Nonocclusive mesenteric ischemia caused by type B aortic dissection: a case report
BMC Surgery volume 22, Article number: 214 (2022)
Nonocclusive mesenteric ischemia (NOMI) is defined as acute intestinal ischemia because of decreased blood flow in mesenteric vessels. Only a few cases of NOMI that occur secondary to aortic dissection (AD) have been reported, resulting in the lack of sufficient knowledge of diagnosis and treatment.
We aimed to report a case of NOMI caused by type B Aortic Dissection. A 26-year-old male patient was transferred to our hospital with the diagnose of NOMI and aortic dissection in April 2018. The abdominal computed tomography (CT) assists the diagnosis of paralytic intestinal obstruction, intestinal wall pneumatosis, and perforation. Emergency laparotomy revealed that the bowel wall supplied by the superior mesenteric artery (SMA) was pale with the palpable but weak pulsation of the parietal artery. The small intestine was extremely dilated with a paper-thin, fragile wall that was ruptured easily and could not be sutured. In this case, extensive resection and segmental drainage were done. Postoperatively, the digestive tract was reconstructed. However, the patient suffered from iron deficiency anemia and short bowel syndrome eight months later, and unfortunately died from long-term complications.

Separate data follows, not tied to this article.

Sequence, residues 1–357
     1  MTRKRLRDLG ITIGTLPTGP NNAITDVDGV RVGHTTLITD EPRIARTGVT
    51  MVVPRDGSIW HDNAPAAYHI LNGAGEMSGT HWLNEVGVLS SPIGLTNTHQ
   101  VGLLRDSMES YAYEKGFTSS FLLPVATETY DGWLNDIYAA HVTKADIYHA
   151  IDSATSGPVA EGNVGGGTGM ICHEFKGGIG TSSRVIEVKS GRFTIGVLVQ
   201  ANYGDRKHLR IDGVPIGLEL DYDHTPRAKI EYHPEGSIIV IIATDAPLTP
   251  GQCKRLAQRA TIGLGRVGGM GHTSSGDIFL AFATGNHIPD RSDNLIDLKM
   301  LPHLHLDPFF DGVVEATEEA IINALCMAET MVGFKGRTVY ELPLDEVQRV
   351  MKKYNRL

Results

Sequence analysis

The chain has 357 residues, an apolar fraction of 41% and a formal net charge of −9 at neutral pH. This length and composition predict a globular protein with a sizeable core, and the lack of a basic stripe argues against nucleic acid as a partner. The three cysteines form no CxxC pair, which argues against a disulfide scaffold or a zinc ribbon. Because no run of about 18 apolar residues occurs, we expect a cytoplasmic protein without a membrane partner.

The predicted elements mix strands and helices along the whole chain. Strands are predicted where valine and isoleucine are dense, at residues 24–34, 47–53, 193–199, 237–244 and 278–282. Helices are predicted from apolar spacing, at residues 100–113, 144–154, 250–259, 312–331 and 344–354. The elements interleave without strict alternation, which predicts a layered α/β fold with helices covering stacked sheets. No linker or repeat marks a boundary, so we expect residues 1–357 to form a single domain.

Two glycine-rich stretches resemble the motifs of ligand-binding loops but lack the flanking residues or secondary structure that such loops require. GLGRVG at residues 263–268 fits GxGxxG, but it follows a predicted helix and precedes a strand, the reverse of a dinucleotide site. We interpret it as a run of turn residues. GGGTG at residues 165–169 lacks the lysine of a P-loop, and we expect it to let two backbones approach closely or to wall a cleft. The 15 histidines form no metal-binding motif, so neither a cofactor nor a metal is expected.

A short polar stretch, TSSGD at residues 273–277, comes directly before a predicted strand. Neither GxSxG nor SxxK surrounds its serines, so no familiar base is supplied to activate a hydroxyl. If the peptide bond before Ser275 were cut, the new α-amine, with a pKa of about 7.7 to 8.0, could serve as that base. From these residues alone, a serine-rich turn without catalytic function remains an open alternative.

Aortic dissection leads to continuous decrease in blood pressure and blood flow to the SMA, considering as a predisposing factor for NOMI. During the treatment, extensive resection and segmental drainage are the optimal surgical strategy, which can make benefit in emergencies especially.
Nonocclusive mesenteric ischemia is a life-threatening disease that is defined as the ischemia and necrosis of intestinal tract without obstruction in mesenteric blood vessels , accounting for 20–30% of acute mesenteric ischemia with mortality of 30–60% [2, 3]. The concept of NOMI was first proposed by Ende in 1958 and speculated that heart failure was an essential condition for the onset of NOMI. At present, The mechanism is thought to be multifactorial, including large vessel vasoconstriction secondary to sympath-omimetics or vasoactive agents and hypoperfusion of mesenteric vessels from anemia, hypoxia, cardiovascularshock, and sepsis . In contrast to vascular occlusion, the symptoms of NOMI are atypical at the early stage, which often leads to delayed diagnosis and high death rate due to serious underlying diseases . Therefore, NOMI is relatively common in intensive care medicine, with the incidence of 0.2–0.3% . Because of the extensive decreasing blood supply to the wall of the small intestine or colon, most parts of the bowel need to be resected, and postoperative short bowel syndrome is inevitable. Here, we report a rare case of NOMI secondary to type B aortic dissection.